Do you have a preschooler who gets upset easily and often? While some kids just “roll with the punches” at this age, others seem to cry for no reason and become very upset over little things. While sometimes it’s just a phase, it's also true that some children are more sensitive than others. If you are dealing with a sensitive child, here are some recommendations from other moms on how to understand and help.
1. Talk About Emotions
Small children soak in so many new experiences that outbursts over emotions they don't yet understand are inevitable. Have you ever asked your child what is wrong and heard: "I DON'T KNOW!"? The truth is, they often really don't know why they are so upset.
Circle of Moms member Dara S. recommends talking through episodes of crying that have no obvious cause: "We need to teach them the tools. . . to deal with their emotions properly and help them work through issues before they start keeping it to themselves." She feels that helping children understand "exactly what they are feeling and the reasons they feel this way" helps them throughout their lives. "My daughter and I talk at great length about what she is feeling when she breaks out in tears, and what she can do to help herself feel better."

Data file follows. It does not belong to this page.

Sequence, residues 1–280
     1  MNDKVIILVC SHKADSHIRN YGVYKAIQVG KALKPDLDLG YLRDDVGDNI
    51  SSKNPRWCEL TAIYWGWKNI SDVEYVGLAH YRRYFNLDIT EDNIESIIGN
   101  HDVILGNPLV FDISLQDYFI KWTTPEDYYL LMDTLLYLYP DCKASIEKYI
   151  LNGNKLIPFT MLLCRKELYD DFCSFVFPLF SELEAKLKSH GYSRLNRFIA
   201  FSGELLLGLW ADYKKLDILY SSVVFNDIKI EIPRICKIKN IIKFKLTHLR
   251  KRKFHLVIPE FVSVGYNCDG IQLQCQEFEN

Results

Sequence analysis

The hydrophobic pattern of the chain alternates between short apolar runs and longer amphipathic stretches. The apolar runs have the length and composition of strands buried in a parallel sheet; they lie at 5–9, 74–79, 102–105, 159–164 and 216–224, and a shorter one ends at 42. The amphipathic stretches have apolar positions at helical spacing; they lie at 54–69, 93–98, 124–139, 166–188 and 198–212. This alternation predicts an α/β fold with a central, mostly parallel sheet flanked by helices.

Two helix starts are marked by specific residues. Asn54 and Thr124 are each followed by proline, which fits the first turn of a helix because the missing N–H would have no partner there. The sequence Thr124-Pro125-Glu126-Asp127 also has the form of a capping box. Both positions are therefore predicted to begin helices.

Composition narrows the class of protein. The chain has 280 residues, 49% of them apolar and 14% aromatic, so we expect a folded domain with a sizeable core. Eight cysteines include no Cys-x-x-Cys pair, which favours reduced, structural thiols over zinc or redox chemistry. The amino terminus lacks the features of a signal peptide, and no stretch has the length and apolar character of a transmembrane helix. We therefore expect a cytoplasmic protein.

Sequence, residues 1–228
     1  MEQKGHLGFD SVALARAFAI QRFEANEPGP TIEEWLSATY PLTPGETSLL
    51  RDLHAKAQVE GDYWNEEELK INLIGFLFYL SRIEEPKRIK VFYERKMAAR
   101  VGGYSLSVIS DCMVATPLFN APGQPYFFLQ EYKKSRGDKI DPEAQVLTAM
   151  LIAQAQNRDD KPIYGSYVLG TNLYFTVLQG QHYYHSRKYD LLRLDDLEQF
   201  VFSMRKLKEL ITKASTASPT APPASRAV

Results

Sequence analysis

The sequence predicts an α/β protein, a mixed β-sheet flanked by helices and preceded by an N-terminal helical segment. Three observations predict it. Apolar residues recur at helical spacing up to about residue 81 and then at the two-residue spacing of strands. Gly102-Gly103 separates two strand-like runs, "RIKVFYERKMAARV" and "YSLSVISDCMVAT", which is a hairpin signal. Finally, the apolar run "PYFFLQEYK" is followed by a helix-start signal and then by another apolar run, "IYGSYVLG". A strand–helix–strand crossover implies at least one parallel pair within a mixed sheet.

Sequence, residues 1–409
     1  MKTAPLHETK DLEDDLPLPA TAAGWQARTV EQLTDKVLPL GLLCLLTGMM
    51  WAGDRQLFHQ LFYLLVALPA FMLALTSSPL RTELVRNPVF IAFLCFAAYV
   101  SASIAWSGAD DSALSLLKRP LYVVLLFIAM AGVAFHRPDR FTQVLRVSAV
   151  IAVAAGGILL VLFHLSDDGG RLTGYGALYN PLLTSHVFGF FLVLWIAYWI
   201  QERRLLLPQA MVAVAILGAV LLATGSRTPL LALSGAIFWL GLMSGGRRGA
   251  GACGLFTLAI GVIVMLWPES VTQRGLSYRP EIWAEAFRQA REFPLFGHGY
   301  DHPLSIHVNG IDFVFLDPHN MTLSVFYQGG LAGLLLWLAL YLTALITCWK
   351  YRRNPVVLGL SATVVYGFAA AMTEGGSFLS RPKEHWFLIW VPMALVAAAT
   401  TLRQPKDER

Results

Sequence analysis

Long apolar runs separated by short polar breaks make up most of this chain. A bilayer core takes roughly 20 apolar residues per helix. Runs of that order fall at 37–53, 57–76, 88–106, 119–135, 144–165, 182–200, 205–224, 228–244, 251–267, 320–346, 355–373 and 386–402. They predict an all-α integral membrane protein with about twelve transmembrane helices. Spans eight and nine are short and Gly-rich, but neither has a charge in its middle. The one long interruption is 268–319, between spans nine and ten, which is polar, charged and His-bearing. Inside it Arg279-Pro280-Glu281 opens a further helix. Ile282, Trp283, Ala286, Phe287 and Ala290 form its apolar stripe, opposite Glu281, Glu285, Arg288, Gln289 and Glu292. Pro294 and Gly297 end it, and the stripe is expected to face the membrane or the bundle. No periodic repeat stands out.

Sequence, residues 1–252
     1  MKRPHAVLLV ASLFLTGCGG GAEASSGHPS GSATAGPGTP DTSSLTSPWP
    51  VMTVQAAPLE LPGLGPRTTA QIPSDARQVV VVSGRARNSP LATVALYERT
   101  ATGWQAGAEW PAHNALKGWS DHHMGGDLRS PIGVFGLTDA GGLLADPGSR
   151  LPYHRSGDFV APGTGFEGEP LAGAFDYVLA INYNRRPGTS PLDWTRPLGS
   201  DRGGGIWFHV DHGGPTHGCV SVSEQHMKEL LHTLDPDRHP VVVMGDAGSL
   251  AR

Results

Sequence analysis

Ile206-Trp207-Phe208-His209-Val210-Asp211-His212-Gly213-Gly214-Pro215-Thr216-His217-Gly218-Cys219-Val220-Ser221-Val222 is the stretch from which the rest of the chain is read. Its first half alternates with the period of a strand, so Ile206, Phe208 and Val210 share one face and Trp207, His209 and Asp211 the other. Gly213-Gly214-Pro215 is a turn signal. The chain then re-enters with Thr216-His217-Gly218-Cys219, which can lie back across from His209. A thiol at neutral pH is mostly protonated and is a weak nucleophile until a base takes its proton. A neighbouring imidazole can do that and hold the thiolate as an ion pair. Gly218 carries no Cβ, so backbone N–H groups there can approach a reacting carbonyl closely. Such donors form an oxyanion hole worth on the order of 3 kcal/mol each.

2. Explain When Crying is Warranted
Desperate to stop the crying? Plenty of moms in the Circle of Moms communities are in the same boat with their preschoolers! Sam W.'s son went through a phase at 5 years old where he cried a lot. She was able to teach him to control it by focusing on the impact: "We sat down and talked about how his crying affected other people. . . . He then found a way of dealing with things. He still cries about the big things, like pain, but not the little things like someone being mean to him: he now has the ability to understand what warrants crying."
If talking through and recognizing their emotions doesn't seem to help, you may come to notice that the crying is more of a play on your emotions rather than their own. Tiffany O. points out that preschoolers are aware of how their emotions and actions affect adults, and may be using that knowledge to test you: "...this is a good time to try and explain how to handle certain things [and] whether or not crying is a warranted reaction. [For] falling and getting hurt, crying is acceptable. For not getting what they want - not acceptable."
3. Help Them Vent
We all need a sounding board sometimes when we get upset. This can be especially true for preschoolers as they learn to talk things out and let out emotions. Lisa K. found that her daughter's meltdowns usually boil down to her feelings being hurt: "When I try to tell her she is making too much of it she gets upset. The only thing that helps is when I apologize for whatever it is that is upsetting her. The mommy one-on-one works at home. This does not work in the middle of Walmart..."
Lisa goes on to explain a solution that she found works well during moments when she can't listen: "I now bring along a doll and tell her that when she gets upset and mommy is busy she can talk to her doll (Sophie) about it and when we get home she and Sophie and I will talk about it."
How do you deal with your child's emotions?
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